Color preferences

In the psychology of color, color preferences are the tendency for an individual or a group to prefer some colors over others, including a favorite color.

Contents

Introduction

In general, people have a connection with certain colors due to their experiences with objects of those colors. A person who has positive experiences with a favorite purple stuffed animal as a kid will generally like the color purple even later into life. This works in a negative manner as well. In a study with Berkley students, they found that students with school spirit's favorite colors were blue and gold (their school's colors). They also found that they did not like the colors red and white, which are the colors of their Stanford rivals.[1] From a recent study, they discussed that associative learning is the process when an individual develops a color preference. In different countries, color preference varies. In China, red indicates luck, while in Nigeria and Germany it means the exact opposite.[2]

Children's color preferences

The age when infants begin showing a preference for color is at about 12 weeks old. Generally, children prefer the colors red and blue, and cool colors are prefered over warm colors. Purple is the color favored more by girls than by boys. Color perception of children 3-5 years of age is an indicator of their developmental stage. Color preferences tend to change as people age. Hue, value, and saturation are the three main components of a color.[3]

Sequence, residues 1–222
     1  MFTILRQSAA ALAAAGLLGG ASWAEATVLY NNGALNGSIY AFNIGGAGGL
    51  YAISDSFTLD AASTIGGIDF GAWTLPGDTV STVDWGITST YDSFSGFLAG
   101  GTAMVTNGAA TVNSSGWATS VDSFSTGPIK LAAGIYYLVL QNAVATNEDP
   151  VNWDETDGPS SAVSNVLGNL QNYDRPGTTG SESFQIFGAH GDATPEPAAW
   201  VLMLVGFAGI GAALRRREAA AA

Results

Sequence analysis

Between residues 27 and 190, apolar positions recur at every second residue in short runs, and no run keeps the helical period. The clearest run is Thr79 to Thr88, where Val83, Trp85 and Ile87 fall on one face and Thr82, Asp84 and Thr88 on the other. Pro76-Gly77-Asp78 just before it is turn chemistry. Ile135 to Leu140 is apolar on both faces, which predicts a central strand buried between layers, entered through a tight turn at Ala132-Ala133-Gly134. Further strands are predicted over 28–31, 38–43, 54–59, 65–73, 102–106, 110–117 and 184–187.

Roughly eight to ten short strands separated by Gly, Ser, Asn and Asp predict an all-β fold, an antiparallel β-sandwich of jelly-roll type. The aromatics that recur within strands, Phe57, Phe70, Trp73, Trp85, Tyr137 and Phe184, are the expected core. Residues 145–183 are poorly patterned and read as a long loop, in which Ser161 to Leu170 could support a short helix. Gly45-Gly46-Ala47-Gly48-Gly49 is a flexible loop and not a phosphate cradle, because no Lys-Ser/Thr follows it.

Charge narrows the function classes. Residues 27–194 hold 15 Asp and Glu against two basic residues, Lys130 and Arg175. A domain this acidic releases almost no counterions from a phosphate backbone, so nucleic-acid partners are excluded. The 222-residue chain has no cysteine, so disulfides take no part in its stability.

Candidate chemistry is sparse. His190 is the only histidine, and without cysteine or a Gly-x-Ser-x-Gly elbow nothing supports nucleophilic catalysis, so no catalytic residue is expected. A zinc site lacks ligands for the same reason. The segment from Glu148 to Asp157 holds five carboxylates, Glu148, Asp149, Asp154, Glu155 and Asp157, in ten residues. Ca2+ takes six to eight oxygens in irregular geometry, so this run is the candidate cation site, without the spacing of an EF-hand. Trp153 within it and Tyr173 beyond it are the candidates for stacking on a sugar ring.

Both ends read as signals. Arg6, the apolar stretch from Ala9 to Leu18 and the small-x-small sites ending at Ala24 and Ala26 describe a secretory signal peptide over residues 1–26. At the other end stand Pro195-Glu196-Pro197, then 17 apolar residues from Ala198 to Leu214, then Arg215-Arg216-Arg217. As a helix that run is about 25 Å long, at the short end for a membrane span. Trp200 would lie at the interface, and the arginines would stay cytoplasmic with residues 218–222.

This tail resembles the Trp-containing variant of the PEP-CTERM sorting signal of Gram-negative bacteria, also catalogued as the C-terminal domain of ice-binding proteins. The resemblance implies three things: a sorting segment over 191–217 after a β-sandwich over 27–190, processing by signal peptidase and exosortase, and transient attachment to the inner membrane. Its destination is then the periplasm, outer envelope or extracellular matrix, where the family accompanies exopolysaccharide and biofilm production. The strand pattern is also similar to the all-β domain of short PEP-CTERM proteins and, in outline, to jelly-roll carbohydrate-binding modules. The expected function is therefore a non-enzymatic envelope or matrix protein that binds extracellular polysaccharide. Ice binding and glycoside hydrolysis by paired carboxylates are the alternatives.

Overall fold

See also

References

  1. ^ Sohn, Emily. "Color Preferences Determined by Experience". Discovery News. http://news.discovery.com/human/colors-preferences-evolution-style.html. Retrieved 2 October 2011. 
  2. ^ Sable, Paul; Akcay, Okan (February 2010). "Color: Cross Cultural Marketing Perspectives As To What Governs Our Response To It.". American Society of Business and Behavioral Sciences 17 (1): 950-954. 
  3. ^ Read, M., & Upington, D. (2009). Young Children’s Color Preferences in the Interior Environment. Early Childhood Education Journal, 36(6), 491-496. doi:10.1007/s10643-009-0311-6

Further reading

  • Crozier, W. Ray (1999), "The meanings of colour: preferences among hues", Pigment & Resin Technology 28 (1): 6–14, doi:10.1108/03699429910252315 
  • Ellis, Lee; Ficek, Christopher (December 2001), "Color preferences according to gender and sexual orientation", Personality and Individual Differences 31 (8): 1375–1379, doi:10.1016/S0191-8869(00)00231-2 
  • Grossman, Randi; Wisenblit, Joseph Z. Priluck (1999), "What we know about consumers’ color choices", Journal of Marketing Practice: Applied Marketing Science 5 (3): 78–88, doi:10.1108/EUM0000000004565 
  • Madden, Thomas J.; Hewett, Kelly; Roth, Martin S. (2000), "Managing Images in Different Cultures: A Cross-National Study of Color Meanings and Preferences", Journal of International Marketing 8 (4): 90–107, doi:10.1509/jimk.8.4.90.19795 
  • Morse, Janice M. (March 2008), ""What's your favorite color?" Reporting irrelevant demographics in qualitative research", Qualitative Health Research 18: 299–300, doi:10.1177/1049732307310995 
  • Saito, Miho (February 1996), "Comparative studies on color preference in Japan and other Asian regions, with special emphasis on the preference for white", Color Research & Application 21 (1): 35–49, doi:10.1002/(SICI)1520-6378(199602)21:1<35::AID-COL4>3.0.CO;2-6 
  • Teller, Davida; Civan, Andrea; Bronson-Castain, Kevin (2004), "Infants' spontaneous color preferences are not due to adult-like brightness variations", Visual Neuroscience 21 (3): 397–401, doi:10.1017/S0952523804213360 
  • Zemach, Iris; Chang, Susan; Teller, Davida Y. (May 2007), "Infant color vision: Prediction of infants’ spontaneous color preferences", Vision Research 47 (10): 1368–1381, doi:10.1016/j.visres.2006.09.024, PMID 17118421 

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